Drone Aviation Corp expanding tethered platform with partners, ed

By Luke Geiver | January 14, 2016

Drone Aviation Corp.’s attempts to tame the sky could soon transform the operations of firefighters or newsgathering entities. Formed in 2014 as a spin-out of an aerospace technology, engineering and manufacturing firm called Lighter Than Air Systems, the Florida-based company has developed and commercialized the WATT tethered drone platform. The tethered technology—which includes a unique winch deployment system and a tether covered in Kevlar—was based off a helium-powered tethered platform used for military and information gathering purposes. To date, three U.S. Federal Aviation Administration section 333 exemption holders have been granted permission to utilize DAC’s WATT-200 tethered platform.

Dan Erdberg, president of DAC, spoke with UAS Magazine about the recent efforts of the company to educate commercial, private or military-based stakeholders on the tethered platform and why the drive by many commercial UAS operators or end-users to free fly unmanned aircraft vehicles may not always offer the best solution.

The Technology

DAC’s current tethered models can fly roughly 400 feet, or the height of a 40-story building. According to Erdberg, most clients only require a 200-foot flight ceiling. The entire system is contained in hard-sided cases. The tether is wrapped in Kevlar and is deployed or retracted from one of the hard-sided cases. The tether supplies both power to the unit and receives payload-generated data from the platform while in flight. The cases can be fitted into a television production vehicle, on the back of a UTV or left free to carry to the jobsite. Through a tablet or laptop computer, the drone can be deployed and the elevation set for continuous hover by a slider similar to a volume slider on a phone. Once in place, the camera can be controlled from the ground by onsite operations or from a remote location.

The platform features safety redundancies including extra power storage, titanium payload protectors and extra GPS and compass units. “Our unit can stay in the air for hours and hours,” said Erdberg. “We can also fly a lot heavier airframes,” adding that “there is no piloting experience required.”

In July, DAC acquired the exclusive software rights to a Georgia Tech University-designed autopilot system for the WATT line of tethered drones. “This technology adds valuable intellectual property that would take years and considerable investment to reproduce and enables our long-term growth plans vital to our remaining at the forefront of unmanned vehicle development,” said Jay Nussbaum, DAC chairman.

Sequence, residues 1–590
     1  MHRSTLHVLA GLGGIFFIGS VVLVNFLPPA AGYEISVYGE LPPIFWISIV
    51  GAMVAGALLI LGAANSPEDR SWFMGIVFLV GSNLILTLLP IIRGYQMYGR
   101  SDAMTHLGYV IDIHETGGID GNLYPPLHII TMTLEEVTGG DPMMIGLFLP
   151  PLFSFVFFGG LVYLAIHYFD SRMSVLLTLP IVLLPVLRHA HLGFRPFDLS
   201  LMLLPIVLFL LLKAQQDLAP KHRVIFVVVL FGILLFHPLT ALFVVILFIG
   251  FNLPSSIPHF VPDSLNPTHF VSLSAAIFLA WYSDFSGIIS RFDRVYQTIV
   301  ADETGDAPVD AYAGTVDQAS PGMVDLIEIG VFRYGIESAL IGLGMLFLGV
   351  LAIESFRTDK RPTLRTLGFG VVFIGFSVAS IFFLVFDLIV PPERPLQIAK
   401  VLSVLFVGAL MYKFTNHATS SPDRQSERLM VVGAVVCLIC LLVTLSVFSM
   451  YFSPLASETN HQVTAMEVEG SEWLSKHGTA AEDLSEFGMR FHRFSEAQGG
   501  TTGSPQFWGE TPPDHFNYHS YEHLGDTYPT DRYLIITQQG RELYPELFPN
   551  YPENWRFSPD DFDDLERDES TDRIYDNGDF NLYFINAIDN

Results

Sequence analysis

Educating the Commercial UAS End-User

Although DAC is already in talks with several of its previously-established military and defense clients for use of the tethered drone, Erdberg and team are expanding their efforts to explain why tethered options are still exciting and beneficial to prospective users.

The team recently finalized a partnership with an emergency responder consulting and training company, Skyfire, allowing the consulting group access to the tethered drone. “We thought they would be a great partner to get our product into the hands of first responders,” Erdberg said.

After time spent at DAC’s facility in Florida, the Skyfire team agreed to educate and explain the tethered system to its firefighting-consulting clients. In addition to training and education on specific platforms, the consulting group also helps to highlight potential government grants or funding options available to first responders for the purchase of UAS.

Although most of Skyfire’s offerings and training to first responders is based on free-flying platforms, both agreed that giving a fire chief the ability to deploy a drone with a thermal imagery camera equipped with a 10x zoom above a fixed point would be very valuable.

In addition to its recent work with Skyfire, the DAC team has also held discussions with first responder units throughout Florida and Georgia.


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